Nova Europae descriptio Auct. F. de Wit.
17.25 x 21.75 in (43.815 x 55.245 cm)
1 : 10000000
This is a scarce 1660 Dutch carte á figures map of Europe, engraved by Frederick de Wit. This beautifully engraved work was one of a handful of maps that De Wit would have considered his showcase works as he struck out on his own as a mapmaker, after having worked for many years with the Blaeu family. Although in general terms the style of the map is reminiscent of his former teachers', it differs both from the corresponding map in Blaeu's atlases and those of Blaeu's primary competitors, Hondius and Jansson.
The East The map extends further into Russia than Blaeu's; it shows Isaac Massa's cartography of the Siberian coast as far as the Pechora Sea; the Volga is traced as far as Kazan. De Wit's map improves on the Ukraine and the Circassian regions as well. The focus of the map, overall, is shifted somewhat northwards and to the west as compared to the maps of Blaeu and Hondius; this both allows the inclusion of the newer Siberian detail, and also avoids the repetition of North African detail already covered on the Africa map of the series.
The West There is a fascinating notation in the North Atlantic - absent from other atlas maps of the period. A small, unnamed island about three degrees south of Iceland is shown, marked with the note 'Anno 1613 by de Biscayers beseylt.' This is a reference to Basque fishermen, and their astonishing reach - it is known now that they sailed as far as the Canadian Maritime Islands and Icelandic waters.
Carte-á-figures Surround The maps of Blaeu and Speed are generally best known for their decorative borders in this style, but other Dutch mapmakers - Hondius, Jansson, and van der Keere also produced such maps. Generally, this grand treatment was reserved for maps of the continents - these large-scale, general maps were showcases for the mapmaker's art. More often than not, such maps were separate issues or intended for larger, deluxe editions of their respective atlases: for Hondius' atlas, for instance, the borders tended to be absent in the continent maps to permit the use of smaller folio sheets, and waste less margin space throughout the rest of the book.
Similarly, de Wit's four continental maps of 1660 were separate productions, not intended for inclusion in a specific atlas (when he did produce an atlas, he included newly engraved and quite different continental maps.) It is worth noting that neither the city views along the top border, nor the figures in the left and right margins, are copies of earlier works, but appear to be unique to this map. The city views - Rome, Amsterdam, Paris, London, Seville and Prague - are panoramas, rather than the Braun and Hogenberg influenced insets on the Blaeu. The figures, rather than the 'ordinary' characters indicated on other cartes á figures, instead represent rulers: the Pope, the Holy Roman Emperor, the Grand Duke of Muscovy, and the Kings of Spain, Denmark, Sweden, France and Poland. The absence of a King of England is probably not a deliberate snub, but likely a general confusion: the restoration of Charles II would not occur until 1660 when this map was published, and the leadership of the kingdom might not have been readily apparent at the time.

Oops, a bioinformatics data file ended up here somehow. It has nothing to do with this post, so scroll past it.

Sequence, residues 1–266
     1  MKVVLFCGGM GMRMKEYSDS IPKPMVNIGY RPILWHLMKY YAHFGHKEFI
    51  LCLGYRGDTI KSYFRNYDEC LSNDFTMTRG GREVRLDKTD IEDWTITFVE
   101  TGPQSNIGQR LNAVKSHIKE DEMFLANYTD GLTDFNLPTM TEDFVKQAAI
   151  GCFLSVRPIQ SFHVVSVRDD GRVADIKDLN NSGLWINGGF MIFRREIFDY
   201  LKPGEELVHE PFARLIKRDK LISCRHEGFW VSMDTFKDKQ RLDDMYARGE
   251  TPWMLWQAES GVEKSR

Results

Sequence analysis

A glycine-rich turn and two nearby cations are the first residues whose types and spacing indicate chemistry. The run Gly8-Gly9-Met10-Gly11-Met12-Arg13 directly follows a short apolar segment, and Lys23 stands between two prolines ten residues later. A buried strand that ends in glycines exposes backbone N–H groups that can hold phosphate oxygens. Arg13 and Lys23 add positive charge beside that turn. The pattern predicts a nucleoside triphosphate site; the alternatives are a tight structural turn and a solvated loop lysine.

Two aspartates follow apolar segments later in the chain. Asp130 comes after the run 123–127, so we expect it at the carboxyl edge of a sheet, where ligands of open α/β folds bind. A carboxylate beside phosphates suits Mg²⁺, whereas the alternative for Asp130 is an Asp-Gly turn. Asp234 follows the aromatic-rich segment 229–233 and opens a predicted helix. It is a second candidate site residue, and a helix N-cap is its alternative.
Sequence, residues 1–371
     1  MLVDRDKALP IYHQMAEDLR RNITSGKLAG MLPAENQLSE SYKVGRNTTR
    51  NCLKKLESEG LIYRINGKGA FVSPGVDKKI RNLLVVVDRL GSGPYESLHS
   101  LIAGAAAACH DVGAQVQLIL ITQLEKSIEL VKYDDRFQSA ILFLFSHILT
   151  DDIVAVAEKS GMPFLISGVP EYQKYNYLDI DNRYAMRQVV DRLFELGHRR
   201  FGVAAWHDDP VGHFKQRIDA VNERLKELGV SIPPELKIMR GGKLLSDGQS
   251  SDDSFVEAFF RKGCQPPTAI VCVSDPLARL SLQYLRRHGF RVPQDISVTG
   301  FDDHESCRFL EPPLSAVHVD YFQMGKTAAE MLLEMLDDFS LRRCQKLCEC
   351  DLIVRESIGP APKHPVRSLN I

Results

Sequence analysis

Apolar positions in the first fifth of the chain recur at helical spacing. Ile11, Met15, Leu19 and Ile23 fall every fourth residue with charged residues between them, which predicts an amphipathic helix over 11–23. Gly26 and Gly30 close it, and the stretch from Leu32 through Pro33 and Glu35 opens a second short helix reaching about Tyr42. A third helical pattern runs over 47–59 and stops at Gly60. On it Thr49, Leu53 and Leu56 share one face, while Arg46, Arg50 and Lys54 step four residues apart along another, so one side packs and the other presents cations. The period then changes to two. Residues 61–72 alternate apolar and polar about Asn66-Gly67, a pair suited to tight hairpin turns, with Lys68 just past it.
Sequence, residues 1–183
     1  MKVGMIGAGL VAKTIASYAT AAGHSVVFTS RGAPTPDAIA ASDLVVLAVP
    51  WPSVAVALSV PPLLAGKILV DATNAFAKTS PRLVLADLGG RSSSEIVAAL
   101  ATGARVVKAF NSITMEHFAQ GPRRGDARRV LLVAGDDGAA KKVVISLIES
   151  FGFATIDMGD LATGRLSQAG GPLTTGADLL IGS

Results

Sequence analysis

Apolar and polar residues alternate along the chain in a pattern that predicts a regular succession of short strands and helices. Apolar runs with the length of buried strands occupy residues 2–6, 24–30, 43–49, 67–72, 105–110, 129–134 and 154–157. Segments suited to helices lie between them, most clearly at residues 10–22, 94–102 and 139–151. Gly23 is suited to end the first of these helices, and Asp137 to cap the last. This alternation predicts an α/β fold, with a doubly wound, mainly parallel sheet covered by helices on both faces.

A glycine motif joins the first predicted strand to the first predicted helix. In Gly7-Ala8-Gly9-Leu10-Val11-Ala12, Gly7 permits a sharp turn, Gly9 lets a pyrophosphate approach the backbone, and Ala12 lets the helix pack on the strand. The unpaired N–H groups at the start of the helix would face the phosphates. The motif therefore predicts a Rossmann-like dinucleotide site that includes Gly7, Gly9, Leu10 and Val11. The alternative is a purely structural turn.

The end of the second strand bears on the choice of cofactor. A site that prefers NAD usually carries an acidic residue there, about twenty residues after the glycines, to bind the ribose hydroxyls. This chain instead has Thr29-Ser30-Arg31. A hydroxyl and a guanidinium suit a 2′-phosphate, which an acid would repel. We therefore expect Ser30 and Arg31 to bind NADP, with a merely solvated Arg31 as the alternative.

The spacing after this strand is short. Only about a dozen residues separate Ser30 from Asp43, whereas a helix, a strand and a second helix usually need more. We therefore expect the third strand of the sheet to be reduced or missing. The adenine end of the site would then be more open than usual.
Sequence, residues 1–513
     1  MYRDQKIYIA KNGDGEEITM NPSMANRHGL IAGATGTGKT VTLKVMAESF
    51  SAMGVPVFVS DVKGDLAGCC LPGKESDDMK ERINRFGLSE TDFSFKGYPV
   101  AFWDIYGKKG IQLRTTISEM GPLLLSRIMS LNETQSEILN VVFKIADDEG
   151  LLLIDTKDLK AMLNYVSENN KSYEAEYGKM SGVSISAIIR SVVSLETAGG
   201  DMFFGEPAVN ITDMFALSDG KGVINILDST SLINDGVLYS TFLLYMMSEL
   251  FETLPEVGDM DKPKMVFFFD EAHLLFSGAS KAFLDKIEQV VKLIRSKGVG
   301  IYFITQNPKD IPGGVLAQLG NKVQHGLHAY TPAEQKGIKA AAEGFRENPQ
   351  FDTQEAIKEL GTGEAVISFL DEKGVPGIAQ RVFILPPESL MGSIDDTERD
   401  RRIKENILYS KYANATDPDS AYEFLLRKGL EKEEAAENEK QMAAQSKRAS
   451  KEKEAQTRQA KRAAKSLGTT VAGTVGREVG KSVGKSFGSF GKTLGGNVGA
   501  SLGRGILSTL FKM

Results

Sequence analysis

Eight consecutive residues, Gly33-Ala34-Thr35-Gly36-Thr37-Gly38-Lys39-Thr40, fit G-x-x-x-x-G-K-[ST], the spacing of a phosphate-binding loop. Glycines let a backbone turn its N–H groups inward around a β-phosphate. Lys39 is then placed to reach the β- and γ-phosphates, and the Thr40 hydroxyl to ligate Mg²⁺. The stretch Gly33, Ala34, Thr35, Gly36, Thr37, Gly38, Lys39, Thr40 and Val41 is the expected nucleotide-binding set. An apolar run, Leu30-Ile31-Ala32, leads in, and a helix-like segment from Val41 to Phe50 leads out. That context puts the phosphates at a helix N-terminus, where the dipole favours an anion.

Publication History and CensusThis map was printed in 1660 along with similarly - styled cartes á figures of the other continents, and a map of the world. These were separately issued - de Wit had not yet produced an atlas of his own - and consequently quite scarce. They do appear to have been included occasionally in composite atlases, and in Doncker's maritime atlas. The America and Africa maps are known in several states; however, only a single state of the Europe map has been catalogued. There are three separate examples in OCLC, at the Biblioteca Nacional de Espana, Bibliotheek Universiteit van Amsterdam, and the Universitatsbibliothek Tuebingen.
Frederik de Wit (1629 - 1706) was a Dutch Golden Age cartographer active in the second half of the 17th and the early 18th centuries. De Wit was born of middle class Protestant stock in the western Netherlandish town of Gouda. He relocated to Amsterdam sometime before 1648, where he worked under Willem Blaeu. His first attributed engraved map, a plan of Haarlem for Antonius Sanderus' Flandria Illustrata, was issued around this time. He struck out on his own in 1654. The first chart that De Wit personally both drew and engraved was most likely his 1659 map of Denmark, REGNI DANIÆ Accuratissima delineatio Perfeckte Kaerte van ‘t CONJNCKRYCK DENEMARCKEN. His great wall map of the world and most famous work, Nova Totius Terrarum Orbis Tabula appeared one year later. Following the publication of his wall map De Wit quickly rose in prominence as a both cartographer and engraver. He married Maria van der Way in 1661 and through her became a citizen of Amsterdam in 1662. Around this time he also published his first major atlas, a composite production ranging in size from 17 to over 150 maps and charts. Other atlases and individual maps followed. In 1689 De Wit was granted at 15 year Privilege by the Dutch States General. The Privilege was a kind of early copyright that protected his exclusive rights to print and publish his maps. He was recognized with the honorific 'Good Citizen' in 1694. De Wit died in 1706 after which his wife Maria continued publishing his maps until about 1710. Though De Wit did have a son, Franciscus, he had no interest in the map trade, being a prosperous stockfish merchant. Instead, on her own retirement, Maria sold most De Wit maps and plates at a public auction. Most were acquired by Pieter Mortier and laid the groundwork for the 1721 rise of Covens and Mortier, the largest Dutch cartographic publishing house of the 18th century.
Average condition. Reinforced mends at margins, mended split at centerfold with slight loss. Original color, refreshed.